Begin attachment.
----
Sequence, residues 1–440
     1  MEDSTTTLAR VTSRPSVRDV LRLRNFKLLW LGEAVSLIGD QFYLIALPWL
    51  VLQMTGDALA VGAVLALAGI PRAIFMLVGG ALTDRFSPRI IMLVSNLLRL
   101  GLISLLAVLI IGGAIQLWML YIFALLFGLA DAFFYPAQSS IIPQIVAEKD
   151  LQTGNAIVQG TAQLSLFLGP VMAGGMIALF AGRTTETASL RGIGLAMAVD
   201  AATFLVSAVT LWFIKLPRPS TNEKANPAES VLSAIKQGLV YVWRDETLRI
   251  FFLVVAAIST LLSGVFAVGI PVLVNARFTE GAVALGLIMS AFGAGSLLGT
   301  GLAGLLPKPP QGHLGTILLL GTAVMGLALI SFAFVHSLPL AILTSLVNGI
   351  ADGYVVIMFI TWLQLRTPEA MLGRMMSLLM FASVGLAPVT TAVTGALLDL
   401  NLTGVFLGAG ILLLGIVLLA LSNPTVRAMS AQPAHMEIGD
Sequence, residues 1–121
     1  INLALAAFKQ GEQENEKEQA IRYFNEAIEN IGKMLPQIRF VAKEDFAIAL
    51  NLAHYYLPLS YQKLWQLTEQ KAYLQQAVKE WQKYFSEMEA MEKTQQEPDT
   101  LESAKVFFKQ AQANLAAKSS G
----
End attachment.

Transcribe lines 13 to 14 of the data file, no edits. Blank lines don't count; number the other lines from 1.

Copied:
    51  NLAHYYLPLS YQKLWQLTEQ KAYLQQAVKE WQKYFSEMEA MEKTQQEPDT
   101  LESAKVFFKQ AQANLAAKSS G